We were the UK publishing outpost of Scholastic Inc – a publishing giant in the US. The US publishing output was enormous. Hippo’s was tiny in comparison and we published an eclectic mix of fiction, non-fiction and some novelty/activity books.
Every month we received a box of the books being published by Scholastic Inc and we were encouraged to publish some of what the Americans were publishing. (Most big publishing corporations have a dream that we should all be publishing the same books around the world though it rarely works like that.)
Scholastic Inc was enjoying massive success with The Babysitter’s Club. After much deliberating we decided to give The Babysitter’s Club a try in the UK. We rejacketed the books with covers that we felt would work better for our market and very quickly we too had a big success on our hands.
At about this time we realised that in these boxes from the States there were some spooky, glamorous and slightly dangerous-looking titles published under the Scholastic Inc teenage imprint Point.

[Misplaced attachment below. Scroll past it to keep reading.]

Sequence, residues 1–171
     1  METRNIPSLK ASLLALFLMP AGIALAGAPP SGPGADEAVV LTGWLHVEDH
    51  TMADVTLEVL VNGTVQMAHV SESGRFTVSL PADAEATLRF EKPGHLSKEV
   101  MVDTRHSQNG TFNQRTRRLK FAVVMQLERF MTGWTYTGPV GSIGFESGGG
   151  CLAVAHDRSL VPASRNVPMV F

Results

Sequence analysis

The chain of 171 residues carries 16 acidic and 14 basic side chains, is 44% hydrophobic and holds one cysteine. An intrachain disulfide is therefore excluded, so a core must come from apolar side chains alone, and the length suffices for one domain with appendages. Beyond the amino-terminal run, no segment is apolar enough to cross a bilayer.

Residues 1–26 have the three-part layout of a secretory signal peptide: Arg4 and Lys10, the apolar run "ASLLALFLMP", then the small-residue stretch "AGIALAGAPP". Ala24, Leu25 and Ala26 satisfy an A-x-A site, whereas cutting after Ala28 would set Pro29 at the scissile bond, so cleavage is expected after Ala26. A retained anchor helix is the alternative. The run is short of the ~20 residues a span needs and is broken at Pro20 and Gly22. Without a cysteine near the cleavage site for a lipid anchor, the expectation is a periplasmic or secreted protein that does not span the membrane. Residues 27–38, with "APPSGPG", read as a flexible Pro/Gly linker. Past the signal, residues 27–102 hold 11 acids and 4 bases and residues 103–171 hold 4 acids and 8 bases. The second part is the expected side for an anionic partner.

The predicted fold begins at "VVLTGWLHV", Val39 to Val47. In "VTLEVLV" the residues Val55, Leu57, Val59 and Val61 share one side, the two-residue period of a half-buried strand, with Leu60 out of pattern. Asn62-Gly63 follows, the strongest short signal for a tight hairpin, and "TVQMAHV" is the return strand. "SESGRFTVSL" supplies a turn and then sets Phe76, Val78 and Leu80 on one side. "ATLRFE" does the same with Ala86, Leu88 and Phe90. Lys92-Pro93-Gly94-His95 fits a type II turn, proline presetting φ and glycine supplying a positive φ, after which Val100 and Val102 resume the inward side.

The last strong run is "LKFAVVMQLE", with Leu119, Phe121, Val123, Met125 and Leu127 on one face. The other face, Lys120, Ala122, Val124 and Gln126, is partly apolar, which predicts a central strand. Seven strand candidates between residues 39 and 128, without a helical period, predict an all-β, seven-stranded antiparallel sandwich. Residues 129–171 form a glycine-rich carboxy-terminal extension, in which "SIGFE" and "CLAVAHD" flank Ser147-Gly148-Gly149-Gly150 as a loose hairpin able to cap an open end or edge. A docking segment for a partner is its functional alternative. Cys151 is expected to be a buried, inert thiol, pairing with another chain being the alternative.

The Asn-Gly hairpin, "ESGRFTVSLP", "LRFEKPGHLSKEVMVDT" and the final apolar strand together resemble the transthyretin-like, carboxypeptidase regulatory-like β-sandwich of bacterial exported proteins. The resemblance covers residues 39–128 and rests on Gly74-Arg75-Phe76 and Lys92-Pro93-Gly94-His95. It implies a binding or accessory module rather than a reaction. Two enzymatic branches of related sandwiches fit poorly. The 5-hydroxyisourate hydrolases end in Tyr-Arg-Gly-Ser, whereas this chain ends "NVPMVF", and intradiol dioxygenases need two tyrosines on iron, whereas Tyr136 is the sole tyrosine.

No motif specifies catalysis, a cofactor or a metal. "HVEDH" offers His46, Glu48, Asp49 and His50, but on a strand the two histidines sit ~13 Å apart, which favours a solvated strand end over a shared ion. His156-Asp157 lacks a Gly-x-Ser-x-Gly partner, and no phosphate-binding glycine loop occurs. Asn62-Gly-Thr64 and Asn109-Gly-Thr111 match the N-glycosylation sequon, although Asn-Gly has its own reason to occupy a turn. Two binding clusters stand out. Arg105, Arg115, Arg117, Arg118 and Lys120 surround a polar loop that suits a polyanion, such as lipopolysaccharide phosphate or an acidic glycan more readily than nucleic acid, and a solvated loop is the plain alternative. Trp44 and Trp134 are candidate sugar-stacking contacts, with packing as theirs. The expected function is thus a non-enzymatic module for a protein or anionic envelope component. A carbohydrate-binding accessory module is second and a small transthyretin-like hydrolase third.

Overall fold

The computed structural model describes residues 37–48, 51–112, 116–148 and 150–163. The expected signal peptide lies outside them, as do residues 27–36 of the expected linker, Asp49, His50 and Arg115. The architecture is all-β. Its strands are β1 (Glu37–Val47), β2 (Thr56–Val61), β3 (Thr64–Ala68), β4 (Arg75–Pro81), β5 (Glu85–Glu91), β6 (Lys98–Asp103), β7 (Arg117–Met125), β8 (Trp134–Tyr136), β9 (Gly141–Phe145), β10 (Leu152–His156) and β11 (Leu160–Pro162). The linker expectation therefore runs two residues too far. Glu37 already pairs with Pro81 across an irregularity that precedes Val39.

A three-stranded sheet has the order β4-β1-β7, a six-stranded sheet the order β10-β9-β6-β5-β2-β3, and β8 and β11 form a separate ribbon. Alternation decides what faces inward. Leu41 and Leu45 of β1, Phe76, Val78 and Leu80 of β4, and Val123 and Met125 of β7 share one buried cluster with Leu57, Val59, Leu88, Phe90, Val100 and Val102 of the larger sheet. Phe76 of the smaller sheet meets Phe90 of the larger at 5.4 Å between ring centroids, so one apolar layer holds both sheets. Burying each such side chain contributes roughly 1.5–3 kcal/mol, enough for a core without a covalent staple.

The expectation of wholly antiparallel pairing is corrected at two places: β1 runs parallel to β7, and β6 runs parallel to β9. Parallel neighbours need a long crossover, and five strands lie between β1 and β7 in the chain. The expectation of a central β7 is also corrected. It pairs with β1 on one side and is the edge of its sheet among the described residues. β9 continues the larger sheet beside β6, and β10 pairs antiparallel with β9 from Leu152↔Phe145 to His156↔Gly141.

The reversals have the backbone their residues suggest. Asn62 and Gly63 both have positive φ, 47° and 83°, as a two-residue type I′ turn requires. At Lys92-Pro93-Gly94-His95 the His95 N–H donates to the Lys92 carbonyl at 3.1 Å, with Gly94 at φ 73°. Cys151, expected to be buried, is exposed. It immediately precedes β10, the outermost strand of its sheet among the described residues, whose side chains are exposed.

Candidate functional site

There was little or no horror being published in the UK for teen readers, but I’d spent my teenage years being scared witless by authors like Stephen King, Ira Levin and Dennis Wheatley. I was desperate to have a go at publishing horror for a teen audience – I knew it was what I would have devoured had it been available. So I read some of the titles in the US boxes – The Lifeguard, Trick or Treat, April Fools – and realised they were page-turning, deliciously scary and with characters and plots based in teenage lives, albeit remote, glamorous, American ones.
I’m not sure many of the titles ever really constituted a horror story in the true sense of the genre (I’m squeamish and not very good with hardcore horror) but they were great psychological thrillers with plotlines that messed with your head – and that, to my mind, is much more enthralling.